Critics Consensus

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Total Count: 33


Audience Score

User Ratings: 3,191
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Movie Info

John McGill is a promising student at a tough Glasgow school who, despite a family background of alcoholism and abuse, looks set to sail into university and a bright future beyond. That is, until things begin to go wrong at school and John, like his older brother before him, slips into the heady and dangerous world of Glasgow's gangland.

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Conor McCarron
as John McGill, Age 14
Mhairi Anderson
as Elizabeth
Gregg Forrest
as John McGill (age 10)
Peter Mullan
as Mr. McGill
Greg Forrest
as John McGill, Age 10
Joe Szula
as Benny McGill
Gary Lewis
as Mr. Russell
Marianna Palka
as Aunt Beth
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Critic Reviews for Neds

All Critics (33) | Top Critics (7)

Audience Reviews for Neds

  • May 17, 2014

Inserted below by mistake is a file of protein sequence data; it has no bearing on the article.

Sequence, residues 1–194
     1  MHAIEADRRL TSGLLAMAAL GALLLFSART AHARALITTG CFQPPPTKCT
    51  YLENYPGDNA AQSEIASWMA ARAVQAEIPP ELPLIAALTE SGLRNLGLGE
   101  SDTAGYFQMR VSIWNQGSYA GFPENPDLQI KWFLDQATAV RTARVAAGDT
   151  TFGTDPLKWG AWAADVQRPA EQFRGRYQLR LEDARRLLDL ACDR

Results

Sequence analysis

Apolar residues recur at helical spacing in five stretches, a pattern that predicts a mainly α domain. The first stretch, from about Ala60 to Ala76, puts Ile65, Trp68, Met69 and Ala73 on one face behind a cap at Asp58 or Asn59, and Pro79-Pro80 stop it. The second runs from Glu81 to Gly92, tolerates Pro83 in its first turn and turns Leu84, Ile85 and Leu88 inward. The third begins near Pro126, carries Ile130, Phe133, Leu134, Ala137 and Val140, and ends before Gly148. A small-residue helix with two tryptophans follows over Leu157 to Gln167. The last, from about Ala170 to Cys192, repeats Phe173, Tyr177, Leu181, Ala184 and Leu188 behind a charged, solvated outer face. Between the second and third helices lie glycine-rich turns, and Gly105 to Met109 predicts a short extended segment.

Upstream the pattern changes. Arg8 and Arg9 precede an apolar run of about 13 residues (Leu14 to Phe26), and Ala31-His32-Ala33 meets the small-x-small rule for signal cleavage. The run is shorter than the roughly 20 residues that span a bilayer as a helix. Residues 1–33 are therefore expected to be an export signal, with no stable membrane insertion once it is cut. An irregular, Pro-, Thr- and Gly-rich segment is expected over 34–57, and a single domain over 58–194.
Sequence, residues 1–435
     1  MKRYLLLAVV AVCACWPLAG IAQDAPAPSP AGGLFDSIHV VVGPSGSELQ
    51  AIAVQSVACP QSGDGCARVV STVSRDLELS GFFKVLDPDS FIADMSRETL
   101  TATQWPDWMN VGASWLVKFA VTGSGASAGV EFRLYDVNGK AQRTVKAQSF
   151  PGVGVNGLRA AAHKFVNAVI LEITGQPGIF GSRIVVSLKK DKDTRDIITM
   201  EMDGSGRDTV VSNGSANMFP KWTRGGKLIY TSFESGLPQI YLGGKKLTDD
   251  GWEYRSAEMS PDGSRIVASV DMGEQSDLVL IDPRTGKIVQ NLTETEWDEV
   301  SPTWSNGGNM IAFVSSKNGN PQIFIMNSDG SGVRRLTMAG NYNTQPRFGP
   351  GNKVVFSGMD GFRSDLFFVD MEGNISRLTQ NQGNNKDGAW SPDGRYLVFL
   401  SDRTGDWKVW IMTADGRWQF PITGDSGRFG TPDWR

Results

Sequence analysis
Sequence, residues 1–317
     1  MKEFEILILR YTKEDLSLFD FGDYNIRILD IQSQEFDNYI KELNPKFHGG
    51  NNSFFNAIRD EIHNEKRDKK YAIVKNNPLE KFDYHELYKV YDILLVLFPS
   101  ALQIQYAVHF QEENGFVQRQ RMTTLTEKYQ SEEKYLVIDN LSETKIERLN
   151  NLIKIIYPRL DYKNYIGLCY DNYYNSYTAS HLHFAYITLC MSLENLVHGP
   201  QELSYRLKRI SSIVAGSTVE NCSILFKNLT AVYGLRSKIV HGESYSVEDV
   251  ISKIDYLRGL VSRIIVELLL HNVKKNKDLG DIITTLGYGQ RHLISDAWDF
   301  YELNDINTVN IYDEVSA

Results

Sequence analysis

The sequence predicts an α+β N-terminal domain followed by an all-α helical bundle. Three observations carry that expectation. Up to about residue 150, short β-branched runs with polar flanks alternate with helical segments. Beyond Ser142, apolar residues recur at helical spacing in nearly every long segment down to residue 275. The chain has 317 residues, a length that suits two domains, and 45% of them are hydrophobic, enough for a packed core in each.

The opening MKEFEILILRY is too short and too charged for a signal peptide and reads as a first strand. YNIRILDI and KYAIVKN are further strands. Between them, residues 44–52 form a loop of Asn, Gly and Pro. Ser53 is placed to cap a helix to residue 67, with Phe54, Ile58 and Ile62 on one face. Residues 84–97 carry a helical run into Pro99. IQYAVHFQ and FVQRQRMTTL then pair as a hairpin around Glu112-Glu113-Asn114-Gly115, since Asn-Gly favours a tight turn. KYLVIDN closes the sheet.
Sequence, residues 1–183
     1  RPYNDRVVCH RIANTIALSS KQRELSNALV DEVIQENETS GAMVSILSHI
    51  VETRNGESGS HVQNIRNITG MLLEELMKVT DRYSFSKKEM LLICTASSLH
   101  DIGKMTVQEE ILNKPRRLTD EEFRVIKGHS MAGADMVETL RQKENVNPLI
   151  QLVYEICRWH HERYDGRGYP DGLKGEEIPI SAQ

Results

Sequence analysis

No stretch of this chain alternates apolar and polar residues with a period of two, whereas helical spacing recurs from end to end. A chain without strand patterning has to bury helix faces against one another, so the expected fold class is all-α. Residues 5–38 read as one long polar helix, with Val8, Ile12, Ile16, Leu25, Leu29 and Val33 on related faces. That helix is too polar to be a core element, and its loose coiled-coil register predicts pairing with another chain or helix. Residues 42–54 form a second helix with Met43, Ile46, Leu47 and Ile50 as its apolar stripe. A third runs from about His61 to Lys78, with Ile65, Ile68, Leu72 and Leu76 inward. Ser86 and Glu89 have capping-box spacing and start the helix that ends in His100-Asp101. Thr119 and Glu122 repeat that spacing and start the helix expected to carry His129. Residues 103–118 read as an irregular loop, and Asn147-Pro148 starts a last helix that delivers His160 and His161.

I know I say this a lot, but this time I'm hoping it's actually true, I don't have much to say about this film. A coming-of-age film with some pretty dark storytelling. It was certainly a little surprising in how dark it gets, it's not Irreversible or Martyrs dark, but it is a pretty interesting story about a boy, whose family's reputation, plus the fact that he's been victim to emotional and physical abuse from those around him, have made him into the monster everyone expected him to be, despite being much smarter than anyone else in his family. John is certainly portrayed, as the film progresses and his ruthlessness increases, as a psychopath who's headed down a very violent end if he doesn't change his ways. He negatively influences anyone's life he comes into contact with, escalating with him viciously beating his father with a frying pan, dropping a slab of concrete onto an old bully's head, causing permanent brain damage, and slitting a kid's throat in a gang fight. There's also some pretty strong imagery involving John, in a "drug" induced hallucination, is almost "murdered by Jesus Christ. John then stabs Jesus on the ribs, before finally coming out of his stupor. So if you're very religiously conservative, ie: anything that involves Jesus' image/likeness being used in a negative light, even in a creative setting, insults you, then this scene would piss you off. I found it darkly hilarious. I'm not religious, but if I was, I'd like to think that I'd see the humor in Jesus attempting to kill someone and not take everything so seriously. And this brings us to the ending, most specifically the last shot of the film, where you see John guiding Canta, the bully with brain damage, through a field as they're headed to the zoo. They were left behind as the car they were going in broke down. Basically the last scene sees both of them going through a group of docile lions. The image itself was a little goofy to me, but I get the symbolism behind it. It's basically saying that John has left his violent ways in the past, much like the lions have, as I imagine that their first instinct, when seeing a person, would be to attack or head their way. John's violent instincts, that almost got him killed, have been left in the past. So I get it, it was still a little silly, purely looking at it visually without any context. It just feels out of place in a film like this. It's not exactly incredibly realistic, if it was it'd probably be deliberately paced, but it's a movie that's still grounded in the real world. Seems like it's a major complaint, but it's not. It didn't really change the movie for me, one way or another. The acting is strong, but Conor McCarron certainly does a great job here. I think he's a little more understated than I would've expected. It's definitely a positive as it, very believably, illustrates John's descent into psychopathy as his actions start getting increasingly more violent. So it looks like I DID have a lot to say about this film, shit. Anyway, not the best coming-of-age film I've ever seen, but a damn good one nonetheless with some great acting and good storytelling.